Also, I should point out that I was very new to photography when I visited the Mine. The fact that I pre-visualized that scene in that manner was a fluke—an intriguing fluke but not something I could control. It took me a few years, much learning, great frustration and a lot of time spent in dark rooms with odd characters to be able to regularly pre-visualize images.

Twelve years later I was once again on my way home from Australia and found myself jet lagged in the Arizona desert with my father…but this time I was ready. As we approached the Vulture Mine, I took a deep breath and crossed my fingers and prayed; it is so rare that you ever get a second shot at an image.

I walked through the doorway and the world fell away again. The jeans were there, as if I had visited them yesterday. The speed of change in the desert was on my side. But things were different, too. I was different. I had a different relationship to my camera, years more experience and what I saw was the contrast of the image a 17-year-old created in her head to that of a 29-year-old. And I began shooting.

Ultimately, as a 29-year-old I saw in both color and smooth grayscale. As a 17-year-old I saw in high contrast black and white. Time, my technical ability and experience drastically evolved  how I pre-visualized this scene.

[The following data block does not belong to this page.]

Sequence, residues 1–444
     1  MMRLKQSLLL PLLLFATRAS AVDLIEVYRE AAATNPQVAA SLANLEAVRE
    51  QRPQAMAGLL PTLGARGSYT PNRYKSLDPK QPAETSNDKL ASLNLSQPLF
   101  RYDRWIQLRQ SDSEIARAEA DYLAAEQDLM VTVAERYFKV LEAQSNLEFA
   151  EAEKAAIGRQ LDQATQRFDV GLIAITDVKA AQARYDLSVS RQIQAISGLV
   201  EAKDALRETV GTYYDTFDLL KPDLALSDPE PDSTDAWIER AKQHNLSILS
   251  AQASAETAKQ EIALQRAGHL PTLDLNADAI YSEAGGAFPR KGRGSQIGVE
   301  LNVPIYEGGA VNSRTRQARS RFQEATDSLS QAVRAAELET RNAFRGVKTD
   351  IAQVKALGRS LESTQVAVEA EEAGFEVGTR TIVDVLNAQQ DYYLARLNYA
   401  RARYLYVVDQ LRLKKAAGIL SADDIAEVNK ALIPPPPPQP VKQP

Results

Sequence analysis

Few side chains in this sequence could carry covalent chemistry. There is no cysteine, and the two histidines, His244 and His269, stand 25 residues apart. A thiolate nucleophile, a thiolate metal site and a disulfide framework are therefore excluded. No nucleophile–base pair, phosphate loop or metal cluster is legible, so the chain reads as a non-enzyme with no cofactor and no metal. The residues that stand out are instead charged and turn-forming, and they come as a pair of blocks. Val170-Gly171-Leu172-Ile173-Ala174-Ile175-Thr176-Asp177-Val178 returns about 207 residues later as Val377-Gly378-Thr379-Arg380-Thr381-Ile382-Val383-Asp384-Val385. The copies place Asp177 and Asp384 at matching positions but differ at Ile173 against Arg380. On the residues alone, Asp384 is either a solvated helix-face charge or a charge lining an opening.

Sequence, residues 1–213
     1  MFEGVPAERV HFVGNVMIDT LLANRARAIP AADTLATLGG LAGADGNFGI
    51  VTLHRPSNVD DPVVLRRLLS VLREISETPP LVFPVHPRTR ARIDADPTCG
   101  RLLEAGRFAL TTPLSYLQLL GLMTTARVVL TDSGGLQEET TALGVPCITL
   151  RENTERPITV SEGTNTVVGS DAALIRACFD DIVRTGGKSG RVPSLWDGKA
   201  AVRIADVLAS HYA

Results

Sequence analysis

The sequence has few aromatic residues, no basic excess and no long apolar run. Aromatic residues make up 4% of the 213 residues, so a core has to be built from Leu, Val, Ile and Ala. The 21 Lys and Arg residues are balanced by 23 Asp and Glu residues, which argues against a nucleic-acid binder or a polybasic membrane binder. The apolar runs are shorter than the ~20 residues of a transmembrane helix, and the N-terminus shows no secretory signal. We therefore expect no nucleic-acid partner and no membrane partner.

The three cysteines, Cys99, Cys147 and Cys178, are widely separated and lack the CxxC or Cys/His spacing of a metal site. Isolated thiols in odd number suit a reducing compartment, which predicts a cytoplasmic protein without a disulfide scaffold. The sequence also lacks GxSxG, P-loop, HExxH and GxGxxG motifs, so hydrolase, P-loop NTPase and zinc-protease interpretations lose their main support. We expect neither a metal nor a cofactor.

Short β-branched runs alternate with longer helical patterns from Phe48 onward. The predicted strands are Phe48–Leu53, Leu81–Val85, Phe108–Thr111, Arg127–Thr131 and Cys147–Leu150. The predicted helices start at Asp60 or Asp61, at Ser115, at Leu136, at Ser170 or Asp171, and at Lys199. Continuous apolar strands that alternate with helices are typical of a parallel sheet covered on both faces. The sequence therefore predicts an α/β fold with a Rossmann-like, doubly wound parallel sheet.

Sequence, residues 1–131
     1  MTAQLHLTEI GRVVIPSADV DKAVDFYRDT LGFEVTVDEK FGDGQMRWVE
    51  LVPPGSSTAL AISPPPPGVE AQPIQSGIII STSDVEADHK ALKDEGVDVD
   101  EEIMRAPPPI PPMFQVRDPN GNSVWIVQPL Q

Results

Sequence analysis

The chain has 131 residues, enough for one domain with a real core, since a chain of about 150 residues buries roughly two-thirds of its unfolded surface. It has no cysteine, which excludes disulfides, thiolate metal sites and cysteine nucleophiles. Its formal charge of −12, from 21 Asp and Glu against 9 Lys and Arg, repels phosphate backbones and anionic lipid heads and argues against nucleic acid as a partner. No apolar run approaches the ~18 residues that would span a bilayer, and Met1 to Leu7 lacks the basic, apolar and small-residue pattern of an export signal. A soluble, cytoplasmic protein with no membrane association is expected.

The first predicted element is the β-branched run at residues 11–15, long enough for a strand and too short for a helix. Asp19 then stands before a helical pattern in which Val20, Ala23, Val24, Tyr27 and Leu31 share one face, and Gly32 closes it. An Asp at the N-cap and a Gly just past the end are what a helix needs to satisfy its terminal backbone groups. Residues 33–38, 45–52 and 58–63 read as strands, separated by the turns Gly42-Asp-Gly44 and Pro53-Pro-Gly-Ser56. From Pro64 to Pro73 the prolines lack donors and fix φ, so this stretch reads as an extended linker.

Color version of abandoned mining town photograph

Shot with Kodak Portra, medium format color negative film on Mamiya 7.


Greyscale version of old mining town photograph

Shot with Agfa APX, medium format black and white negative film on Mamiya 7.


High contrast scene from old west mining town.

The image represents what I “pre-visualized” the first time I saw this scene. The image is more high-contrast with fewer subtle grey tones and is more closely cropped. Early on in photography, I was so focused on my subjects that I didn’t acknowledge their larger environment. With time I began to pull back on my images, giving my subjects room to breathe.

If you were to ask me which version I like the best—I couldn’t tell you. I covet them all for different reasons; some for the memories and some for the achievement of finally capturing the image. They all speak to me differently.

I am happy to say that I am not haunted by this image anymore. It doesn’t appear behind my eyes, because now I can hold it in my hands and look at all the lessons it has taught me.

Obviously this is one of my favorite images; it also has sentimental value. This was the last trip I took with my father before he died. He signed me up for my first photography class, he gave me my first camera, and he encouraged me to pursue art as a career when there were other safer roads laid out before me. Sometimes when you think about the people who are gone, about their absence, you want to remember the good times. This photo was the good times….

But on a lighter note, I would also like to know who were these people who abandoned this town without their pants? Pants are important (that is a good life lesson…the pants thing).


Good News: Large photographic prints of this work are available at my Etsy shop